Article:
Etymology
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Words related to life

*leip- 
Proto-Indo-European root meaning "to stick, adhere; fat."

It forms all or part of: adipose; beleave; delay; leave (v.); lebensraum; life; liparo-; lipo- (1) "fat;" lipoma; liposuction; lively; live (v.); liver (n.1) "secreting organ of the body;" Olaf; relay.

It is the hypothetical source of/evidence for its existence is provided by: Greek liparein "to persist, persevere," aleiphein "anoint with oil," lipos "fat;" Old English lifer "liver," læfan "to allow to remain."
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live (v.)

Middle English, from Old English lifian (Anglian), libban (West Saxon) "to be, be alive, have life; continue in life; to experience," also "to supply oneself with food, procure a means of subsistence; pass life in a specified fashion," from Proto-Germanic *libejanan (source also of Old Norse lifa "to be left; to live; to live on," of fire, "to burn;" Old Frisian libba, German leben, Gothic liban "to live"), from PIE root *leip- "to stick, adhere," forming words meaning "to remain, continue."

Meaning "to make a residence, dwell" is from c. 1200. Meaning "express in one's life" (live a lie) is from 1540s. Intensified sense "have life abundantly, make full use of life's opportunities" is from c. 1600. Related: Lived; living.

To live it up "live gaily and extravagantly" is from 1903. To live up to "act in accordance with, not live below the standard of" is 1690s, from earlier live up "live on a high (moral or mental) level" (1680s). To live (something) down "cause (something disreputable) to be forgotten by subsequent blameless course, live so as to disprove" is from 1842. To live with "cohabit as husband and wife" is attested from 1749; sense of "to put up with" is attested from 1937. Expression live and learn is attested from c. 1620.

According to the Dutch Prouerbe ... Leuen ende laetan leuen, To liue and to let others liue. [Gerard de Malynes, 1622]
afterlife (n.)
also after-life, 1590s, "a future life" (especially after resurrection), from after + life.
alive (adj.)

c. 1200, "in life, living," contraction of Old English on life "in living, not dead," from a- (1) + dative of lif "life" (see life). The full form on live was still current 17c. Of abstract things (love, lawsuits, etc.) "in a state of operation, unextinguished," c. 1600. From 1709 as "active, lively;" 1732 as "attentive, open" (usually with to). Used emphatically, especially with man (n.); as in:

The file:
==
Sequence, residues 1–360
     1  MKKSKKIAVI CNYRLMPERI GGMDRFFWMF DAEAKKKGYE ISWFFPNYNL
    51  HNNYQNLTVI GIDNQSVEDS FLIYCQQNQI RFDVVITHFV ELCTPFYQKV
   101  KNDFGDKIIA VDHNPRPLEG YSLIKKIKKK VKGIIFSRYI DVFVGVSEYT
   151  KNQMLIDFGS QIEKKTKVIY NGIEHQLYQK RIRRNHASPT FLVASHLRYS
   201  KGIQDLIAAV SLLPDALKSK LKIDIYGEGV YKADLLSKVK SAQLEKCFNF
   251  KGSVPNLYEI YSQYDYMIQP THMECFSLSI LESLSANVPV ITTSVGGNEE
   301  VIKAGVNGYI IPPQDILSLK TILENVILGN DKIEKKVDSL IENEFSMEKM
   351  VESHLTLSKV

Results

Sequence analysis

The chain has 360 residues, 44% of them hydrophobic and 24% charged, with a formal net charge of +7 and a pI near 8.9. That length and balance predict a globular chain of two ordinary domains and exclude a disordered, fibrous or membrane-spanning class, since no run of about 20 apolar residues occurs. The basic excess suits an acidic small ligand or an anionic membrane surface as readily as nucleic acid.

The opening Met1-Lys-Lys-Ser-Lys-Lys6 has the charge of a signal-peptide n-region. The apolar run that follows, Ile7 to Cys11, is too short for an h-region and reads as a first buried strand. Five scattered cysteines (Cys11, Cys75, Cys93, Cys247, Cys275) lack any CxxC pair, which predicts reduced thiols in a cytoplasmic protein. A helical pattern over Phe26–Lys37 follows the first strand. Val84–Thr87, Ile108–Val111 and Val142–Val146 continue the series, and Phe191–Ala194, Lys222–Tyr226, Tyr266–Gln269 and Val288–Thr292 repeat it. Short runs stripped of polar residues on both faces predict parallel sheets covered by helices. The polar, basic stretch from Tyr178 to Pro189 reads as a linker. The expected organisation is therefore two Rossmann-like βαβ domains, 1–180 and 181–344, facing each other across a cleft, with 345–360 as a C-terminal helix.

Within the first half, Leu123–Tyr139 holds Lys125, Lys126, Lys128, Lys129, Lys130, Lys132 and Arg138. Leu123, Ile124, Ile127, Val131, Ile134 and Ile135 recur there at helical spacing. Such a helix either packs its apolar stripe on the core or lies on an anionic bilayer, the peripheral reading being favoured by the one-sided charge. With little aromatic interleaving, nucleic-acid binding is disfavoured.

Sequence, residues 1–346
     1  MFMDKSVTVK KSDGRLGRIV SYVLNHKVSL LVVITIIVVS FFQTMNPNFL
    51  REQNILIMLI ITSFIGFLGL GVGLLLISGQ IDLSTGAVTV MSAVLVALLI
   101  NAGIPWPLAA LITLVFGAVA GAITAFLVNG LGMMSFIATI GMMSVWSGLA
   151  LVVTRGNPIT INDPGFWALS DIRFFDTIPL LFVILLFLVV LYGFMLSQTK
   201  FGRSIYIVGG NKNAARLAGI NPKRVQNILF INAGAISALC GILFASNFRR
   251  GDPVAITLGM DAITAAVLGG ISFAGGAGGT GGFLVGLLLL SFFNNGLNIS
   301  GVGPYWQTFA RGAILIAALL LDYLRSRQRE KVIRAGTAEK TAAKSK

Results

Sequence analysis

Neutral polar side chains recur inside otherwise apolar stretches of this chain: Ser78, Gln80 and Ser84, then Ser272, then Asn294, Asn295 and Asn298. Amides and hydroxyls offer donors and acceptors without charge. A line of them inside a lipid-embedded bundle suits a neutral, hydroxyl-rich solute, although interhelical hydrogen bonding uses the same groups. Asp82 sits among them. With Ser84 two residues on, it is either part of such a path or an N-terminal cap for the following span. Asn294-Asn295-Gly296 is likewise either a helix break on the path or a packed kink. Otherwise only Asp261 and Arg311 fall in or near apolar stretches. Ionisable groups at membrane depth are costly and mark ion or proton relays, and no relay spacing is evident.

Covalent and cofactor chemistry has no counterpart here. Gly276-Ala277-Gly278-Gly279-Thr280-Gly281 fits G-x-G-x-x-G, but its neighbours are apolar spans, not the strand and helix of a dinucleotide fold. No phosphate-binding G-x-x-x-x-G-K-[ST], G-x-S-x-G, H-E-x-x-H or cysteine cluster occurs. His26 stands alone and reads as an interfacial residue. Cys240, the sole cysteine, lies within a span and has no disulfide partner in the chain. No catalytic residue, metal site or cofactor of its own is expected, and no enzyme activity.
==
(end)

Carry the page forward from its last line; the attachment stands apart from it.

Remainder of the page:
[A]bout a thousand gentlemen having bought his almanacks for this year, merely to find what he said against me, at every line they read they would lift up their eyes, and cry out betwixt rage and laughter, "they were sure no man alive ever writ such damned stuff as this." [Jonathan Swift, "Bickerstaff's Vindication," 1709]

Thus it was abstracted as an expletive, man alive! (1845). Alive and kicking "alert, vigorous," attested from 1823; Farmer says "The allusion is to a child in the womb after quickening," but kicking in the sense "lively and active" is recorded from 1550s (e.g. "the wanton or kicking flesh of yong maydes," "Lives of Women Saints," c. 1610).

enliven (v.)
1630s, "give life to," from en- (1) "make, put in" + live for life + -en (1). Meaning "make lively or cheerful" is from 1690s. Related: Enlivened; enlivening. Enlive in same sense is from 1590s. A noun, enlivement, is recorded from 1877.
half-life (n.)

also half life, 1864, "unsatisfactory way of living," from half + life; the sense in physics, "amount of time it takes half a given amount of radioactivity to decay" is first attested 1907.

lebensform (n.)

"any type of human activity that involves values" (Wittgenstein), 1937, from German Lebensform, from Leben "life" (see life) + Form (see form (n.)).

lebensraum (n.)
"territory needed for a nation's or people's natural development," 1905, from German, a compound of the genitive of leben "life" (see life) + Raum "space" (see room (n.)).
lifeblood (n.)
also life-blood, 1580s, "blood necessary for life," from life (n.) + blood (n.). Figurative and transferred use for "that which is essential to the life or strength of, that which gives vitality to" is from 1590s.
life-boat (n.)
"boat built for saving lives at sea," especially in a shipwreck, also lifeboat, 1801 (the thing itself attested by 1785), from life (n.) + boat.